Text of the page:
A few scenes later, Ellen Burstyn steps into Georgetown's crisp fall air as "Tubular Bells," the movie's haunting theme song, portends the unspeakable horrors that await her--and elicits a chorus of snorts, chuckles, and groans from the audience.
By the time cute little Linda Blair has transformed into a pea-soup spewing, obscenity-hurling, head-spinning child of Satan, forget it--the crowd had abandoned all restraint and was openly guffawing at even the slightest hint of ham-handedness.
Well, I thought, that settles one question: Will "The Exorcist" resonate with viewers today the way it did almost 30 years ago?
Perhaps no one in 2000 can be expected to view "The Exorcist" without jaded eyes after decades of countless imitations and hundreds of parodies, from "Saturday Night Live" sketches to Leslie Nielsen's 1990 "Repossessed," co-starring Linda Blair herself, to spoofs in more recent comedies like "Austin Powers: The Spy Who Shagged Me" and "Scary Movie." "The Exorcist" pops into the modern imagination unexpectedly, as when the recent Pepsi ad campaign's sweet, curly haired girl demonically channels a deep-voiced Mafia don when a bartender informs her, "Sorry, we only have Coke."
Indeed, "The Exorcist"'s themes and images are so familiar today, even to people who've never seen the film, that it's all the more difficult to comprehend the hysteria initially generated by this now-classic tale of demonic possession.
In December of 1973, legions of theatergoers waited in lines for as long as four hours, only to wind up fainting, vomiting, and running screaming out of cinemas halfway through the picture. In a Newsweek cover story entitled "The Exorcism Frenzy," the manager of a United Artists cinema complained: "My janitors are going bananas wiping up the vomit." He also said he'd had to "replace doors and curtains damaged by unruly crowds, and even re-landscape the McDonald's plaza across the street where moviegoers park their cars." One patron in San Francisco literally attacked the screen in an attempt to kill the demon. The pandemonium got so out of control that Warner Brothers actually asked Father Thomas Bermingham, a priest who consulted on the film and played a small role in it, if he would attend an opening to offer spiritual counsel to viewers who couldn't cope with the subject matter. (In the months that followed, priests reported being flooded with requests to exorcise everything from loved ones and pets to houses and appliances.)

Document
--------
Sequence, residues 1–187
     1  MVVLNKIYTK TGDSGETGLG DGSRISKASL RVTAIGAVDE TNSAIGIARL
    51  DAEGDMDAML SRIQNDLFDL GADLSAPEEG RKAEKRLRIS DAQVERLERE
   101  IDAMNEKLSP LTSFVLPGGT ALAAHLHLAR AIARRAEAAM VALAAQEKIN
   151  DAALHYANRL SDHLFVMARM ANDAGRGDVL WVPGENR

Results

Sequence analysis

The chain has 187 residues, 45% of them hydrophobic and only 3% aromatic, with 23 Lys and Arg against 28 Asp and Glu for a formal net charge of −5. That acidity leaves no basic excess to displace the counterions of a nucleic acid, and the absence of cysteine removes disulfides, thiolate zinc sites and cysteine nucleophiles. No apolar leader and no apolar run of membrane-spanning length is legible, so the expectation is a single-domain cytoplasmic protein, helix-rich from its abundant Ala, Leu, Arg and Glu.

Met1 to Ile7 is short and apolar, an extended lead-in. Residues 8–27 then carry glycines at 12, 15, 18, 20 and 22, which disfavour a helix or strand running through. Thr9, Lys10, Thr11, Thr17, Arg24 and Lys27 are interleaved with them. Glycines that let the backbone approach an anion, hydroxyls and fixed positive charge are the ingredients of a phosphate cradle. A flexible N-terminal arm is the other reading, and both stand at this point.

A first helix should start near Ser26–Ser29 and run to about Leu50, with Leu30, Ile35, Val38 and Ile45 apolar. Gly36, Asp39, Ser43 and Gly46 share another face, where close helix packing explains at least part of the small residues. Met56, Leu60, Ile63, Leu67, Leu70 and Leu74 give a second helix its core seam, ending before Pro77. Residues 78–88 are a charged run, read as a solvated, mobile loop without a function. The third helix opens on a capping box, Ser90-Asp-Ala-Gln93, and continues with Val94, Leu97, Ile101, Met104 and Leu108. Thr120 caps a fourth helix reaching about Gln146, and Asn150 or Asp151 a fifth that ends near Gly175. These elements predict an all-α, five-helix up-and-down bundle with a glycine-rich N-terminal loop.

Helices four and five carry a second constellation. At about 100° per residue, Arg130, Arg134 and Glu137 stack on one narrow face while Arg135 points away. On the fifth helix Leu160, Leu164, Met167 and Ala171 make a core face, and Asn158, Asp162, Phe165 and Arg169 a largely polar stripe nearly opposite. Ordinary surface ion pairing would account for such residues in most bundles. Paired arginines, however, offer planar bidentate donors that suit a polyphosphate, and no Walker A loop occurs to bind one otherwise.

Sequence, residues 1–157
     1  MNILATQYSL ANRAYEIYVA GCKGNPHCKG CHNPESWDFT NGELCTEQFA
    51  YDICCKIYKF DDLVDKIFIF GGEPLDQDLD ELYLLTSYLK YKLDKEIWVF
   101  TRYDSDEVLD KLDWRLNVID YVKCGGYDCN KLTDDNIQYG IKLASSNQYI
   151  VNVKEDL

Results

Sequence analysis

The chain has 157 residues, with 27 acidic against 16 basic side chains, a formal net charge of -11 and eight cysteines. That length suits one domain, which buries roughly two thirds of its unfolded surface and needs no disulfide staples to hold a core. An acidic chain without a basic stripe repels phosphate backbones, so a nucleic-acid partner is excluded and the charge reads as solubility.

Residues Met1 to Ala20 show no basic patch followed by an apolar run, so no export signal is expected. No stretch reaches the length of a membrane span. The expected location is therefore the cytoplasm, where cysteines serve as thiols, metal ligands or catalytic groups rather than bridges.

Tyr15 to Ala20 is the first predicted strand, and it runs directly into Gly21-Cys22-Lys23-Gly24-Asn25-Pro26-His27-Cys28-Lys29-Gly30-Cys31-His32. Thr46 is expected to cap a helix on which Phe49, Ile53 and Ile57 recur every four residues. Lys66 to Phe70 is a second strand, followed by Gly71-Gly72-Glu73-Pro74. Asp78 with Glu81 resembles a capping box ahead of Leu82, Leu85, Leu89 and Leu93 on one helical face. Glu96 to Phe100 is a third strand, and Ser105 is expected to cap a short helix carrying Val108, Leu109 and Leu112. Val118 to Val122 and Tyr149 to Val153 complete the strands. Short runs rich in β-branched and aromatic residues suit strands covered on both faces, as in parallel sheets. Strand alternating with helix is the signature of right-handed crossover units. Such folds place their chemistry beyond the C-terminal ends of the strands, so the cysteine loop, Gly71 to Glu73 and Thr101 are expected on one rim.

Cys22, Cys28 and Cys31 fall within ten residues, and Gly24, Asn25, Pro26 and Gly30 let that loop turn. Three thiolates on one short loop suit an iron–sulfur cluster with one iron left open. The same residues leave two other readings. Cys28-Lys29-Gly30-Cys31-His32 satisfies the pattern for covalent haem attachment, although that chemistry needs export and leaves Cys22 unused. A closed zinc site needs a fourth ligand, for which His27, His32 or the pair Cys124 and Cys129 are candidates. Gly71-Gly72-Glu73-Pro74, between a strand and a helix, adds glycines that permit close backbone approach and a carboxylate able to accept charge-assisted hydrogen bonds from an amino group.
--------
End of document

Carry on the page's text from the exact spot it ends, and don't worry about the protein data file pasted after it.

Outraged by depictions of desecrations, "hard-core pornography," and disturbingly vivid representations of evil, various religious groups and authorities fanned the flames of controversy. Some clerics picketed the film, and Billy Graham denounced it, claiming, oddly, that even the celluloid it was printed on was evil. Christianity Today, though it felt the movie served a purpose by illustrating just how bad the devil can be, cautioned readers from the film by quoting J.R.R. Tolkien: "It is perilous to study too deeply the arts of the Enemy."
When the guy next to me fell asleep in a lull between Linda Blair's satanic outbursts, I had to remind myself why all the hoopla 27 years ago. For starters, the notion of demonic possession did not then have the grip on public imagination it enjoys today, due largely to "The Exorcist." Earlier films grappled with possession and evil--e.g., "Possession" (1947), "The Bad Seed" (1956), "Rosemary's Baby" (1968)--but none of these involved full-blown incarnations of the devil himself (Rosemary's baby, remember, was merely Lucifer's cloven-hoofed offspring).
Another reason for the film's dramatic impact was that director William Friedkin, who had won a Best Director Oscar for 1971's "The French Connection," attempted to make "The Exorcist" "as realistic as possible." He wanted the film to seem like a documentary, which probably explains why he treats viewers to grim medical procedures, including a spinal tap. The movie was adapted from the best-selling book by William Peter Blatty, who penned his fictional account after carefully researching a reported exorcism in St. Louis in 1949. Educated by Jesuits, Blatty not only strove for realism in his novel (and the film's screenplay, for which he received an Oscar) but for a realism that packed a spiritual punch.